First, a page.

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To give you a taste of my book The Unseen, here is an extract from the beginning of Chapter 3.


Traffic jostled for position both sides of the motorway, never allowing Sean to test the five-year-old Mercedes allocated from the motor pool. Cars were constantly swapped between team members so no outside observer knew which vehicle belonged to whom. The front hubcaps were missing, one wing was re-sprayed, but the engine purred to perfection. He allowed an hour from his home in St Albans to the team’s covert operations office in Cricklewood. An hour of thought and contemplation, mostly on his work, but frequently on his ex-marriage and access to his daughters. Camilla claimed her infidelity had resulted from his neglect and constant absence at work. His crime, she insisted, and counter-accused with accusations of his own infidelity. Though innocent, he knew such accusations from an operational view point would be hard to disprove. In the balance lay unrestricted access to his daughters. For certain Camilla stayed determined to play the offended bitch and kept a constant presents by her insistence on Danielle to innocently intimidate and frustrate with French charm, beauty and sensual presence, a temptation from which he stood forbidden; plus her insistence on private education to cripple his finances. The rewards were no legal recriminations, no open court battles to twist his daughters’ love, instead he had them most weekends, had their happiness and the chance to see them grow.

Such thoughts drifted between car noise and the constant ring of his mobile, mostly from his office in Cricklewood, but this time from Cobbart, his boss.

“Sean, have something for you, urgent.”

Sean drove straight to the Serious Organised Crime Agency headquarters in Pimlico. The message had been urgent.

His chief’s office lay in its usual shambles of organised chaos. Files were piled high, the desk littered with notes and computer printouts ready for shredding.

Chief Superintendent John Cobbart sat in an untidy bundle of pinstriped suit, dandruff and half-rimmed glasses, his manner gentlemanly, his expression inscrutable. Sean gave respect to the man, he even liked him, but the divide of seniority always remained.

“How are those girls of yours?” Cobbart asked, waving him to a seat.

“Growing fast.” Sean sat. “One already thinks she’s a woman.”

“Ah, for days of long ago,” he paused. “You remember Superintendent Sammy Sinclair?”

“He had a bad end.” Sean visualised the man, balding, red-faced with a gut bulging from an enlarged liver. He had once lectured when Sean was a cadet at Hendon Police College. The man had shown a sharp-witted brain; drink only kills so much of a person.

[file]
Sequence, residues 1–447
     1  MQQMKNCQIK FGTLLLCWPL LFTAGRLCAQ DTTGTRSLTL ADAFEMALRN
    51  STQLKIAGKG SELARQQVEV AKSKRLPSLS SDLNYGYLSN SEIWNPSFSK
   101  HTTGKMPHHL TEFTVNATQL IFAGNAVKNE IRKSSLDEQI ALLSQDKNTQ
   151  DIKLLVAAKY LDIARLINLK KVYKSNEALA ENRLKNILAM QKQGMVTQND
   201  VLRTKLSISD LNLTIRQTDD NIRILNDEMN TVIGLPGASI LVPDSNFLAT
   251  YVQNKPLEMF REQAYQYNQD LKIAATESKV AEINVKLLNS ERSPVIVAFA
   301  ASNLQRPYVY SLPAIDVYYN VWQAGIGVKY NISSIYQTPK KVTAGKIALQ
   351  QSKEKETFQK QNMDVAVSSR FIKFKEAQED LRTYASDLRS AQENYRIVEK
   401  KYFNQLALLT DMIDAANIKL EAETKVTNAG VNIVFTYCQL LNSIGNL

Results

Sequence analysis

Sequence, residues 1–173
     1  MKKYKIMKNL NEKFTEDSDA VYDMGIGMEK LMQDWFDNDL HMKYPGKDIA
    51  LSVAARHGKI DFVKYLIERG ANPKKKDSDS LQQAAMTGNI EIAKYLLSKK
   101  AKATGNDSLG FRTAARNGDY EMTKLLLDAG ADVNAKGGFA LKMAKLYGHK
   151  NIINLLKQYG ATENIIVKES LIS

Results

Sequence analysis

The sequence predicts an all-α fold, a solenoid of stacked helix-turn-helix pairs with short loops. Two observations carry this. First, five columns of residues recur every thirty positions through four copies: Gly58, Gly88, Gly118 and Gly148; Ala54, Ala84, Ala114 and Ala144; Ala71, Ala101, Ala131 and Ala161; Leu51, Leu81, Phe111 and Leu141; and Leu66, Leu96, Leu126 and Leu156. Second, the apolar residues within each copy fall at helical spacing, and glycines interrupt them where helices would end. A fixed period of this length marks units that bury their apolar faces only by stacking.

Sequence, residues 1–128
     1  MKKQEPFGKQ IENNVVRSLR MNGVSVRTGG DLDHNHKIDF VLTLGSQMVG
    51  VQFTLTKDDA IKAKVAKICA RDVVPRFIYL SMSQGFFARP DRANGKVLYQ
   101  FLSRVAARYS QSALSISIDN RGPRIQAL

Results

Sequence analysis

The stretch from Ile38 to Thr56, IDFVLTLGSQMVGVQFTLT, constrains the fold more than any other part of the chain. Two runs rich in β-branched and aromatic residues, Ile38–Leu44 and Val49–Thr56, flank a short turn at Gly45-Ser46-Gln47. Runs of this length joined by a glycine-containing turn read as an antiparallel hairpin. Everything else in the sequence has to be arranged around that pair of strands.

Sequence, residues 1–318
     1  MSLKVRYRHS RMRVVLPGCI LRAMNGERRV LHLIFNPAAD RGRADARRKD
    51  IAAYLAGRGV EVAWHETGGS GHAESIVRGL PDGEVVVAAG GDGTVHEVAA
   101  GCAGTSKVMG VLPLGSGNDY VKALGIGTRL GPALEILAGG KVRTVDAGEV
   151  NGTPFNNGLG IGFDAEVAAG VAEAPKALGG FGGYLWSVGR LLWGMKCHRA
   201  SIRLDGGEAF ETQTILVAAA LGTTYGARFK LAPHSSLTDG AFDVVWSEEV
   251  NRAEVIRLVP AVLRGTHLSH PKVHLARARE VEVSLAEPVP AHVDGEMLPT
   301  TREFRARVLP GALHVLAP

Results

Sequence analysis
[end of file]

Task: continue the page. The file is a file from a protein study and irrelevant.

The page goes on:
His boss pushed the papers on his desk and looked uneasy. “He was a good copper, one of the Old Boys. And that particular club are unhappy with the way he was treated.”

This is Masonic, Sean thought uneasily and said, “Suicide is a lonely, desperate act. The man drank himself to hell.”

“He had his reasons, though I question whether he made his own exit.”

“The coroner said he did.”

Cobbart’s expression changed and for the first time he looked human enough for Sean to realize the man suffered emotions.

“Sammy had a daughter, Lizzie, from a marriage long in pieces,” Cobbart said. “Lovely child.” He shifted in his chair, eyes downcast. “She was my goddaughter. A year ago Lizzie was murdered. I want you to investigate it along with another unsolved murder. At the same time, I want the true circumstances surrounding Sinclair’s death. I’m certain they’re linked.”

“SOCA doesn’t do murders.”

“Not officially, not unless they’re involved with organised crime.” Cobbart cleared his throat. “If you solve the tragedy of the Sinclair family I can guarantee the Old Boys will be forever grateful. Don’t under-estimate that gratitude or their power.”

“I’m a new boy on the block, John. I’m not a Mason, not part of the Old Boys’ network and I never will be. Besides that, I’ve Operation Back Door in progress.”

Cobbart’s big white teeth appeared in the troll smile from which he earned his nickname, a cynical smile edged with devious interpretations. “Operation Back Door is looking at the trafficking of assassins for use by organised crime, correct?”

Sean nodded. The guy knew it was correct.

“Perhaps one of those assassins has been used in these murders.”


“But possible. Therefore I’m letting Operation Poor Girl run in tandem with Operation Back Door. I’ve even managed to get limited funding.”

Sean sighed. He had no doubt of the power and influences that Cobbart and the Old Boys represented. He also had no doubt he was being thrown into crossfire between the politically correct paper fillers and the Old Boys’ Club. From either side he was on dangerous ground. At the same time, Cobbart would not have placed this on him without absolute trust in Sean’s loyalty. Shit.

“What of the other murder?” Sean asked by way of acceptance.

Cobbart’s expression showed brief satisfaction, then darkened. “Like Lizzie, the other woman was attractive and successful. When Sinclair retired on medical grounds, he investigated his daughter’s death and linked both. Each killing was extremely brutal; both women were computer buffs. Both the killings were in London and both are on the shelf. That is totally unacceptable.”

Frontcover of the unseen

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